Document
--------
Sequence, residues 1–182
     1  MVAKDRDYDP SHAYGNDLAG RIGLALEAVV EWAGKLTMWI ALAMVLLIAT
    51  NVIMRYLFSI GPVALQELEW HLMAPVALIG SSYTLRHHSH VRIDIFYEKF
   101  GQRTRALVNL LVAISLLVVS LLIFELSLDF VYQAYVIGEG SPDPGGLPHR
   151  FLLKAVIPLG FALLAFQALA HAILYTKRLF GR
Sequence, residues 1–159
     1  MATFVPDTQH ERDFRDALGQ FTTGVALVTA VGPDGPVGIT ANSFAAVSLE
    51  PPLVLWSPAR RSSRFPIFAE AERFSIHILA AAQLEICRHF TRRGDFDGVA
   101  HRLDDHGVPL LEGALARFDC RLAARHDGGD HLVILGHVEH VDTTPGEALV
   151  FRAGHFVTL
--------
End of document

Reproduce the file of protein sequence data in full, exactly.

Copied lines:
Sequence, residues 1–182
     1  MVAKDRDYDP SHAYGNDLAG RIGLALEAVV EWAGKLTMWI ALAMVLLIAT
    51  NVIMRYLFSI GPVALQELEW HLMAPVALIG SSYTLRHHSH VRIDIFYEKF
   101  GQRTRALVNL LVAISLLVVS LLIFELSLDF VYQAYVIGEG SPDPGGLPHR
   151  FLLKAVIPLG FALLAFQALA HAILYTKRLF GR
Sequence, residues 1–159
     1  MATFVPDTQH ERDFRDALGQ FTTGVALVTA VGPDGPVGIT ANSFAAVSLE
    51  PPLVLWSPAR RSSRFPIFAE AERFSIHILA AAQLEICRHF TRRGDFDGVA
   101  HRLDDHGVPL LEGALARFDC RLAARHDGGD HLVILGHVEH VDTTPGEALV
   151  FRAGHFVTL